Look for a cantaloupe-size cabbage with outer leaves larger than your hand. If you dislike touching raw chicken, wear food safe gloves, which are available in grocery and kitchen supply stores, pharmacies and online.
MAKE AHEAD: The filling may be made 1 day in advance, wrapped well and refrigerated. The cooked rolls will keep for up to 2 days. To reheat, make sure there is liquid on the bottom of the pan, and reheat over medium heat on the stove top, or in a 350 degree oven for 30 minutes.
One (1 1/2 pound) head savoy cabbage
1/4 cup toasted sesame oil
1/4 cup fresh lime juice
1/4 cup cornstarch
1/4 cup tamari or soy sauce
2 tablespoons minced fresh ginger root
1 tablespoon minced garlic
3/4 teaspoon crushed red pepper flakes
1 teaspoon kosher salt
1/2 teaspoon freshly ground black pepper
2 1/2 pounds boneless chicken thighs, chopped into bite-size pieces
1 cup diced carrots (about 2 medium)
1 cup frozen peas
1/2 cup diced celery (about 1 rib)
1/2 cup uncooked basmati rice
1/4 cup chopped cilantro
1/4 cup toasted sesame seeds
2 cups chicken stock
1/3 cup rice wine vinegar
Bring a large stock pot filled with water to a strong boil. Using a sharp paring knife, remove the core from the cabbage, leaving the rest of the head intact. Lower the cabbage into the boiling water. It takes about 1 minute for the outer leaves to cook, and as they soften, remove them from the water and place on a cutting board. Continue to remove softened leaves as you are able. The entire cabbage should be softened within about 5 minutes. Carefully remove from the water and continue to peel the leaves away until you have about 20 leaves stacked up. (There may be leftover cabbage.)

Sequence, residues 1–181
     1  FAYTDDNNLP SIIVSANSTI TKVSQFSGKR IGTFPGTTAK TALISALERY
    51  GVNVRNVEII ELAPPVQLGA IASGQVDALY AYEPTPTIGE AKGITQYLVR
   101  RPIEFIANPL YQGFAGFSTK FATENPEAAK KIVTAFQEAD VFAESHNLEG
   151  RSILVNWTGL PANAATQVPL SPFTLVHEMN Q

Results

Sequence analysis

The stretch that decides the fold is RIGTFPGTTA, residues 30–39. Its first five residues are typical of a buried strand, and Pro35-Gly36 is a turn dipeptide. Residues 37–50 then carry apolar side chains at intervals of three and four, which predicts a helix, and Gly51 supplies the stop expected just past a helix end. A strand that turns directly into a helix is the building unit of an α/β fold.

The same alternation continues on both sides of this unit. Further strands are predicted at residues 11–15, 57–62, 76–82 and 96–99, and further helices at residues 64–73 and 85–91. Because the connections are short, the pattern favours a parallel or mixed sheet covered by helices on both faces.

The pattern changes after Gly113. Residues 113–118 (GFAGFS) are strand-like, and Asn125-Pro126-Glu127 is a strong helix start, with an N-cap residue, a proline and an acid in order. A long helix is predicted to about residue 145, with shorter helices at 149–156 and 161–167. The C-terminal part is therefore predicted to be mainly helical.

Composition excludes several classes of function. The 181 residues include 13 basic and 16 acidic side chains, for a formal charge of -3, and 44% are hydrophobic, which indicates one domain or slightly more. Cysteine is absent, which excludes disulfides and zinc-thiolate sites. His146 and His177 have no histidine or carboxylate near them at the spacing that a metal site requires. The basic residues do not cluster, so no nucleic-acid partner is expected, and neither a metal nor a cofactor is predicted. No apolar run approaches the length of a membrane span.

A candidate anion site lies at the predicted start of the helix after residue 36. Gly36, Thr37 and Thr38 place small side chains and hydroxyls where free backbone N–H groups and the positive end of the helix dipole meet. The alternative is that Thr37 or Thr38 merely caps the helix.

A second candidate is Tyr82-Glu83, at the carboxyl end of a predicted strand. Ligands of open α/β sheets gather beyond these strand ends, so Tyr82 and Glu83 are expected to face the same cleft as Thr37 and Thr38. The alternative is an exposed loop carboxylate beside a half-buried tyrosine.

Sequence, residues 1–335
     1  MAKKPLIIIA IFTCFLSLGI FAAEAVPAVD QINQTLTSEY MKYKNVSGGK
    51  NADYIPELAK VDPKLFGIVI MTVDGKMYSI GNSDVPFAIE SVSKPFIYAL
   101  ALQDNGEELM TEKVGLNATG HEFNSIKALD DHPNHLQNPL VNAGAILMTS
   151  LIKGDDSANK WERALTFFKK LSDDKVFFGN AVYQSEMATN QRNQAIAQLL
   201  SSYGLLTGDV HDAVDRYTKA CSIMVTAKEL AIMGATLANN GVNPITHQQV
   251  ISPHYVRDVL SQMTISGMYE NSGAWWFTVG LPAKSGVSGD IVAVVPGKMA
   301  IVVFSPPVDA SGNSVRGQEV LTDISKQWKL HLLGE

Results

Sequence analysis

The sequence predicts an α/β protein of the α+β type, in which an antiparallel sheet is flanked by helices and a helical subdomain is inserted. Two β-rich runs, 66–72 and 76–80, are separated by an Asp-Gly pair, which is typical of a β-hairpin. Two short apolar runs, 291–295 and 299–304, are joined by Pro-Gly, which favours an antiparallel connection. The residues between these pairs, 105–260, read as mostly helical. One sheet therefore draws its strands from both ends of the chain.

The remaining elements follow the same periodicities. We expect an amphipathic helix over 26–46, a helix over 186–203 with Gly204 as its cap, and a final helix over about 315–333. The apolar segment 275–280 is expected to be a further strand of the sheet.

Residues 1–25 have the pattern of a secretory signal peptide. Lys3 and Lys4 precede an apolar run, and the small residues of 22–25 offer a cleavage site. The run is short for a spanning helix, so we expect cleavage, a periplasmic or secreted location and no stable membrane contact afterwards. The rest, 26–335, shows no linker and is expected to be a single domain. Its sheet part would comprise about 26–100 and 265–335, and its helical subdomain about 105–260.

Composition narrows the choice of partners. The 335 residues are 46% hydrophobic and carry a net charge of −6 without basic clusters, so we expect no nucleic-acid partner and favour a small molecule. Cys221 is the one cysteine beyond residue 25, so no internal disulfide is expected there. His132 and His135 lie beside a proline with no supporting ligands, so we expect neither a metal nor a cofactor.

Using a sharp knife, remove the center rib from each cabbage leaf, leaving the rest of the leaf intact.
In a large bowl, whisk together the sesame oil, lime juice, cornstarch and tamari or soy sauce until smooth. Add the ginger, garlic, red pepper flakes, salt and pepper and stir well. Stir in the chicken, carrots, peas, celery, rice, cilantro and sesame seeds, coating everything with the sauce and distributing the vegetables evenly through the mixture.
Preheat the oven to 350 degrees. Scoop out about 1/2 cup of the mixture and place it in the center of a cabbage leaf. Tuck in the sides and bring the bottom edges together to make a tidy package. Place the cabbage roll seam side down in a heavy-bottomed pot or Dutch oven. Repeat with the remaining leaves and filling, stacking the rolls in two or three layers, if necessary.
Pour the chicken stock and rice wine vinegar over the cabbage rolls. Cut a parchment circle to fit the inside the pan and place on top of the rolls; this will help them steam evenly. Cover the pot and bake (middle rack) for 1 hour, until the rolls are cooked through.
Serve hot with some of the steaming juices spooned over the rolls.
Serves 8 to 10; makes about 20 cabbage rolls
Nutrition | Per serving (based on 10): 410 calories, 24 g protein, 22 g carbohydrates, 26 g fat, 6 g saturated fat, 110 mg cholesterol, 680 mg sodium, 4 g dietary fiber, 3 g sugar
From columnist Cathy Barrow.